“Never in a million years did I think this would happen,” Chandra said of her posts. “As a mother with a kid who has disorder you feel alone. I have now found a community of other heterotaxy families and the community is just so excited that heterotaxy is a word that is being spoken about on a national level. I am really hopefully this will lead to more awareness and maybe that mom who receives a heterotaxy diagnosis won’t feel so scared.”
      But the mother of two says at the end of the day, the medical bills mean so much more.
      “To see him go from a kid who lost his breath after going up a few steps to a kid who can hike by myself, be able to keep up with his sister and his friend, that is what that medical bill gave us and that is priceless to me.”
      “We just want him to be a kid.”
      You can find out more about heterotaxy syndrome here.

      Read more: http://www.cnn.com/2017/06/25/health/mom-tweets-on-health-care/index.html

      Nebraska Democrat fired for saying he was ‘glad’ Rep. Scalise was shot

      Washington (CNN)A member of the Nebraska Democratic Party was fired Thursday morning after an audio recording of him surfaced on YouTube saying he was “glad” House Majority Whip Steve Scalise was shot at a congressional baseball game practice and wished the Louisiana Republican was dead.

      In the expletive-laced recording, Phil Montag, then the volunteer co-chairman of the Nebraska Democratic Party’s technology committee, blamed Scalise for seeking to take away people’s health care coverage through the Republican bill to repeal and replace the Affordable Care Act.
      “This motherf***er, like, his whole job is like to get people [to] convince Republicans to f***ing kick people off f***ing health care,” Montag can be heard saying in the recording in reference to Scalise.
        When he made the remarks, Montag was speaking to Chelsey Gentry-Tipton, the chairwoman of the state Democratic Party’s Black Caucus, and her friend, Destin Madison, according to the Omaha World-Herald and Nebraska Democratic Party Chair Jane Kleeb.
        It’s unclear how the conversation began, but the recording on YouTube starts with Madison asking, “So what is it you want to do?”
        Gentry-Tipton responds to Montag’s complaints by saying, “We know all of this.” Madison later is audible telling Montag that he has been recording him and plans to release the audio of their conversation.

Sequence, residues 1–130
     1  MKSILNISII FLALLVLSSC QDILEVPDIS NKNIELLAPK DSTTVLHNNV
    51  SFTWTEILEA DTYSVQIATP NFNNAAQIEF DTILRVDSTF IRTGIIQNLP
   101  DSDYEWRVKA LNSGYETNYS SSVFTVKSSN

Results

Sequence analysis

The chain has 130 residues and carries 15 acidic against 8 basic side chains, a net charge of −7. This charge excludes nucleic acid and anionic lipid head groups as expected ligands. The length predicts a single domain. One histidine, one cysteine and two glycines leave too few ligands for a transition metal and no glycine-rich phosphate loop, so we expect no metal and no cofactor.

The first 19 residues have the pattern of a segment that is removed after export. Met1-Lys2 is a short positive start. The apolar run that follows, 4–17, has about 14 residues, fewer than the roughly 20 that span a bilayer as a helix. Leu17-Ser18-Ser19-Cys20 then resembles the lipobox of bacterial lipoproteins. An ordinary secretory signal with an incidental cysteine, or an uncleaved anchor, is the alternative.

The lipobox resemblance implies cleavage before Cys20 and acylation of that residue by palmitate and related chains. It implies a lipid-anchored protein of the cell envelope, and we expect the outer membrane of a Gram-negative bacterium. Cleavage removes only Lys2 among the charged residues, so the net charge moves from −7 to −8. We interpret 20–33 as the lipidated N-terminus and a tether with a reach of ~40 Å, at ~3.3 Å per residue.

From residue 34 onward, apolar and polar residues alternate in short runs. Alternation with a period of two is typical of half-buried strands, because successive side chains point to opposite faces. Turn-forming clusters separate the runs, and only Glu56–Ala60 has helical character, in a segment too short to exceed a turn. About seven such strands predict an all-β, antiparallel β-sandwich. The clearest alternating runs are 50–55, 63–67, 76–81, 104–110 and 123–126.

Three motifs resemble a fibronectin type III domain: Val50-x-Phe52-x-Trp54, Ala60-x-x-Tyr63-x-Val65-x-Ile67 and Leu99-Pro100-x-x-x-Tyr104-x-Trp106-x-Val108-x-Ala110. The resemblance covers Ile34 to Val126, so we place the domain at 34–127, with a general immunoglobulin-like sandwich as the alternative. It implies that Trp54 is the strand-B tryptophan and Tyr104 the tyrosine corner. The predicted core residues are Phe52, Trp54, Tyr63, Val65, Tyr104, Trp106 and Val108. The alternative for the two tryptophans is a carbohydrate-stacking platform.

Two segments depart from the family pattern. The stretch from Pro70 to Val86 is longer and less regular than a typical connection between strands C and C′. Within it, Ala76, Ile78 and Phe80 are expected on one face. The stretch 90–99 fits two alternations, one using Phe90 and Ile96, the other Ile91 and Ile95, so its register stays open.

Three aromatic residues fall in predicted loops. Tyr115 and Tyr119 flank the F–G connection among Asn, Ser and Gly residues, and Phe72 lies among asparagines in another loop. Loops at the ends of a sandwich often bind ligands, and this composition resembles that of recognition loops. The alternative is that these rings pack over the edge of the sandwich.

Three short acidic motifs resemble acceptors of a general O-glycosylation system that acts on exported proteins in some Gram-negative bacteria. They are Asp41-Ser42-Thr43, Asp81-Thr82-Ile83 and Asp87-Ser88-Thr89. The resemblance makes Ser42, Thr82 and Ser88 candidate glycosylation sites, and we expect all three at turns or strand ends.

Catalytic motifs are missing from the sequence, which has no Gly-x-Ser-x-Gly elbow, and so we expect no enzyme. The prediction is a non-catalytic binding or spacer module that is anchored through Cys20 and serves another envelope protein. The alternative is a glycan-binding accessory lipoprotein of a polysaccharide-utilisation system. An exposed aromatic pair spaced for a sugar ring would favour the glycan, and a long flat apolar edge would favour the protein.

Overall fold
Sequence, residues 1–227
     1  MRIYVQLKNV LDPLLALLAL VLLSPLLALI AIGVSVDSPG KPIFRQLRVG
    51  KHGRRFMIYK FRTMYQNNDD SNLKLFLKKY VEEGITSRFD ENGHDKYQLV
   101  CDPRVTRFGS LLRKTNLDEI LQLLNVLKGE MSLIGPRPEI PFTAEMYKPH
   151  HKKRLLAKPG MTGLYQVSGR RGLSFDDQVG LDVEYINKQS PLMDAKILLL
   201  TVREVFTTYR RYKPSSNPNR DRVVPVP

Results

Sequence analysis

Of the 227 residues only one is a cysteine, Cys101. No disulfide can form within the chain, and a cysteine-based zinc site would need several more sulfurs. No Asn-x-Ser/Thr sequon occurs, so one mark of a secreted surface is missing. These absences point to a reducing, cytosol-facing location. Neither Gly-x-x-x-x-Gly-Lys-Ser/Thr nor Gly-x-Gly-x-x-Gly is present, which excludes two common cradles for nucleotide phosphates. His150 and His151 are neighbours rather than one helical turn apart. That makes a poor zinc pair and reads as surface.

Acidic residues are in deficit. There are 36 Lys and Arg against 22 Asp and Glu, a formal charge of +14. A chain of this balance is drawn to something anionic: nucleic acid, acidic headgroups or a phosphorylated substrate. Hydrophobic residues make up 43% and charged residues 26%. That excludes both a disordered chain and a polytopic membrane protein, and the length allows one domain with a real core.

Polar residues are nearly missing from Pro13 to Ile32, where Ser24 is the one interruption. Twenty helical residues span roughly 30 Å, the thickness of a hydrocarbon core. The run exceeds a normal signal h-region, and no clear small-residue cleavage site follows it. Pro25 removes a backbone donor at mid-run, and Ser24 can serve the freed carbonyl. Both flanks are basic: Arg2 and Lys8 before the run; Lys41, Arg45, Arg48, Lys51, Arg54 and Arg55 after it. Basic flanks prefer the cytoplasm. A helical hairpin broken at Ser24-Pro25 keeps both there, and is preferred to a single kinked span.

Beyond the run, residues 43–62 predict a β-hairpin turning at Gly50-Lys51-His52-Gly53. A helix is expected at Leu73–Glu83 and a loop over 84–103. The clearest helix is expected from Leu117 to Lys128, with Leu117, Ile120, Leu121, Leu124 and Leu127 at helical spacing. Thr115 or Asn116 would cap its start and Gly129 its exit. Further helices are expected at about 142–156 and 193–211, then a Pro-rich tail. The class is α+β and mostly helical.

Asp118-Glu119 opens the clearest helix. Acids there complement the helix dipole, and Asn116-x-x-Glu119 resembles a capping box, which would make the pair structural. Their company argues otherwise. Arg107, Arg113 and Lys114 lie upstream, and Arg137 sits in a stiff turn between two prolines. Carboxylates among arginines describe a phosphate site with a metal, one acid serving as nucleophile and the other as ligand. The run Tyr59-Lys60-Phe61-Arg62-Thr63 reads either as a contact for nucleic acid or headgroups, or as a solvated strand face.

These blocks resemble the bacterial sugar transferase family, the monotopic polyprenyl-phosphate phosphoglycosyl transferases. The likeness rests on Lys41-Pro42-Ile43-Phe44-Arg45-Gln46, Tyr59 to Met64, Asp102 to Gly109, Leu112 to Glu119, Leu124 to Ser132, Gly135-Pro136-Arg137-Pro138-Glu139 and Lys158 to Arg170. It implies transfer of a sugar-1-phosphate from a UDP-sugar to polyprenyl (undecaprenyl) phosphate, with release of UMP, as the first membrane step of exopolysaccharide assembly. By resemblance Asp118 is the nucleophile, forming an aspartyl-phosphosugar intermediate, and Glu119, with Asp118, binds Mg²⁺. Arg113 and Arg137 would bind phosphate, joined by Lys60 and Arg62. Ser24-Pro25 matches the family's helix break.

“I hate this motherf***er. I’m f***ing glad he got shot. I’m glad he got shot,” Montag says on the tape.
        “So then say something. So then say something,” Gentry-Tipton responds.
        “I’m not going to f***ing say that in public,” Montag replies.
        “You don’t have to say that in public. Then say something, say something,” Gentry-Tipton says again as Madison asks, “Well then, what are you saying it to us for? What are you telling us for?”
        “I wish he was f***ing dead,” Montag then says of Scalise.
        “Why are you telling us, but not telling anyone else?” Madison asks.
        “I’m trying to f***ing — because I’m trying to f***ing figure out (inaudible)” Montag says.
        “It’s ok, because I’ve been recording this conversation since you’ve come in, so I will publicly release it myself,” Madison says before the recording abruptly ends.
        Gentry-Tipton has come under fire for remarking on Facebook earlier this month that she thought it was “so funny” to watch congressmen “crying on live tv” about the trauma they experienced in the shootings at the Republican congressional baseball practice, according to the World-Herald. In the same chain, the World-Herald reported she wrote, “The very people that push pro NRA legislation in efforts to pad their pockets with complete disregard for human life. Yeah, having a hard time feeling bad for them.”
        The comments prompted the state Democratic Party leadership to call for Gentry-Tipton’s resignation as Black Caucus chairwoman, but she refused to do so, saying in a statement on Facebook that her posts were taken out of context by party officials and that she would not resign “at this point,” the World-Herald reported.
        Kleeb, the state Democratic chair, told CNN she made the decision to fire Montag when she saw the video.
        “He made disgusting comments about a member of Congress, and we relieved him of his volunteer position of the party on Thursday morning as soon as we saw the video,” Kleeb said. “It’s a disturbing time in politics. I’ve worked in politics for over 10 years, and I’ve never seen such hateful rhetoric from both the right and left.”
        Montag could not be reached for comment Saturday. He told the World-Herald that the recording was edited to take his words out of context, adding that he was “horrified” by the shooting of Scalise and “absolutely” did not wish he was dead.
        “I did not call for the congressman’s death,” Montag said.
        Montag also told the World Herald that the recording posted on the internet Wednesday night was a small part of a conversation that lasted 30 minutes to an hour.
        Gentry-Tipton and Madison did not return immediate requests from CNN for comment on the recording or Montag’s allegation that it had been edited to take his words out of context.
        Nebraska is a one-party consent state, which means it is legal for an individual to record others without their knowledge as long as the person recording is a party to the conversation.
        Scalise, a member of the Republican baseball team, was hospitalized after a gunman opened fire while Republican members of Congress were practicing earlier this month in Alexandria, Virginia, ahead of the annual charity baseball game.